1. The report findings suggest that the link between precarious work and poor mental health is a concern for all, rather than having a specific ethnicity dimension, at least at age 25. However, these findings must be considered in the context of the recognised difficulties in comparing mental health between different ethnic groups; and the very particular, significant and well documented challenges that BAME communities continue to experience in relation to access and engagement with mental health services.

 

  1. Adolescent mental ill health is a strong and significant predictor of mental ill health. Those who reported symptoms of mental ill health at age 14 or age 16 are more likely to report mental ill health at age 25.

 

These challenging issues require a policy response. We set out 13 recommendations in our report for government, employers and mental health practitioners, to help overcome some of the difficulties of precarious work and poor mental health experienced by young workers from different ethnic groups. These recommendations can roughly be categorised into three broad areas:

  1. We need to significantly improve the understanding and recognition of intersectionality across key government policies and strategies. For example, the ‘Good Work Plan’, the UK Government’s flagship strategy to improve access to good work does not currently include any specific actions on the relationship between mental health and good work, or on tackling racial inequalities in access to good work. Improved recognition of how diverse policy agendas interact and impact upon specific demographic groups could help us to deliver better outcomes and improve wellbeing for workers.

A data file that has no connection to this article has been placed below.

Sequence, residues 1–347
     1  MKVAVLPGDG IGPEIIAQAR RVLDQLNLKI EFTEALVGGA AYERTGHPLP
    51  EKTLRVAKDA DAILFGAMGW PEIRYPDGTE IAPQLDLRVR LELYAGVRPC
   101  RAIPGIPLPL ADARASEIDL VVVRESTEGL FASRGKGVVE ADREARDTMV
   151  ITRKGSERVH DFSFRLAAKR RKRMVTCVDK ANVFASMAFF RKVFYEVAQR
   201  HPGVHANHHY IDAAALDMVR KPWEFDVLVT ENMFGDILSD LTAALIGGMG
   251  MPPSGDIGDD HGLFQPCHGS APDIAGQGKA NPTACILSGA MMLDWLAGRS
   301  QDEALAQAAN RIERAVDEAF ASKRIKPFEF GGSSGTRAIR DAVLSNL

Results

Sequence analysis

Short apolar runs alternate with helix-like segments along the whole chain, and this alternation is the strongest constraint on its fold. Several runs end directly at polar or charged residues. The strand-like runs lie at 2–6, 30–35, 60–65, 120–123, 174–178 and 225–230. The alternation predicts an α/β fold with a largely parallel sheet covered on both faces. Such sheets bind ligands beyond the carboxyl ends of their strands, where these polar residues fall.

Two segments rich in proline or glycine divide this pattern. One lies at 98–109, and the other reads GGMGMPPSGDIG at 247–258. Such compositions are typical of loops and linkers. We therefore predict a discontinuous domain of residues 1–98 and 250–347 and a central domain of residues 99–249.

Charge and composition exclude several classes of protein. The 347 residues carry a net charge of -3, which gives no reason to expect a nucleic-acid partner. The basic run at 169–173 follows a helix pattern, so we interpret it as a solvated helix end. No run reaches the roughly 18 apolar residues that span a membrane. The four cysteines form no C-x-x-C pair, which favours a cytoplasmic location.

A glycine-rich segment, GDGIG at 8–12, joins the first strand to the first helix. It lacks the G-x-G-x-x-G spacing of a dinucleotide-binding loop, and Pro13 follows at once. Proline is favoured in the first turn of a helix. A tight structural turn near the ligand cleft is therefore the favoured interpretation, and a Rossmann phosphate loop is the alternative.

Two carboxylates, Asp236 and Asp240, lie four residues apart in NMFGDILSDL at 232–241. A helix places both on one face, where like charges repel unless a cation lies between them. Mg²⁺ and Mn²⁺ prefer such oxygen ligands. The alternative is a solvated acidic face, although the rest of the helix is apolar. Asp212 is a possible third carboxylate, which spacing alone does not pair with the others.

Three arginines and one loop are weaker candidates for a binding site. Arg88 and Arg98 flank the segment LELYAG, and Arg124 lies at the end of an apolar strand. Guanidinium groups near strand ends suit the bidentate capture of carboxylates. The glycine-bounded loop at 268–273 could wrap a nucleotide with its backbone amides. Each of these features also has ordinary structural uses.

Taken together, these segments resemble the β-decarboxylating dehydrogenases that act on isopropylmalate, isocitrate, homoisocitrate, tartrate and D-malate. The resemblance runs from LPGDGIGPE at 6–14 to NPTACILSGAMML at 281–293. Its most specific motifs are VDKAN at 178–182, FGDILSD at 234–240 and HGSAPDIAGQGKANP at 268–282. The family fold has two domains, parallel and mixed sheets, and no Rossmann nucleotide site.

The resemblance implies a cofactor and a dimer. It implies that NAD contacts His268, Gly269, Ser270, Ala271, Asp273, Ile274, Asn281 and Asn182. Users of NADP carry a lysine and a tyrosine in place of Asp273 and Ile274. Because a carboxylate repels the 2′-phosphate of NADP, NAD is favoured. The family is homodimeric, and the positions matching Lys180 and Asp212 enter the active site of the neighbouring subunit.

1. Action to implement a range of promising policies that have been adopted but not yet fully delivered should be a matter of priority for the new UK Government. This includes, for example, a number of key recommendations set out in the Good Work Plan; work to establish a new system of metrics for measuring progress on good work; and the development of a Patient and Carers Race Equality Framework in mental health services. The predominance of Brexit throughout 2019 inevitably reduced political and policy bandwidth to advance activity across many areas. In 2020, with a new government with the largest majority in a decade, there is an opportunity for a range of potentially valuable policy initiatives to be brought fully to fruition.

 

  1. Proactive, early interventions have a vital role to play in helping to tackle many of the issues explored in this study. For example, investing in appropriate mental health support for young people, recognising that poor mental health in adolescence is a strong predictor of poor mental health in early adulthood. And for employers, working closely with employees, to develop clear and impactful interventions to tackle race inequalities in the labour force and play an active role in supporting good mental health throughout the workforce.

 

These intersectional issues are, by definition, complex. We look forward to working further with our partners at OBV and UCL throughout 2020 to advance the issues raised here; to help push for more action to address the challenges of race inequality in the labour force and tackle the impact of precarious work on mental health.

If you’d be interested in speaking to us about any of these issues, please do get in touch.